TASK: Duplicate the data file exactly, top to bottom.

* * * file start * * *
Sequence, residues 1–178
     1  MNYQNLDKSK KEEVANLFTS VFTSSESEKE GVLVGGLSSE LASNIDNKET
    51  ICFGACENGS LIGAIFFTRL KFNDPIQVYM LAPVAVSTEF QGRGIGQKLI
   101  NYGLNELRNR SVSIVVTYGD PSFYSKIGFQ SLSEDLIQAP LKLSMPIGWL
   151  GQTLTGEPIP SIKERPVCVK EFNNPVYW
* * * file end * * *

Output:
Sequence, residues 1–178
     1  MNYQNLDKSK KEEVANLFTS VFTSSESEKE GVLVGGLSSE LASNIDNKET
    51  ICFGACENGS LIGAIFFTRL KFNDPIQVYM LAPVAVSTEF QGRGIGQKLI
   101  NYGLNELRNR SVSIVVTYGD PSFYSKIGFQ SLSEDLIQAP LKLSMPIGWL
   151  GQTLTGEPIP SIKERPVCVK EFNNPVYW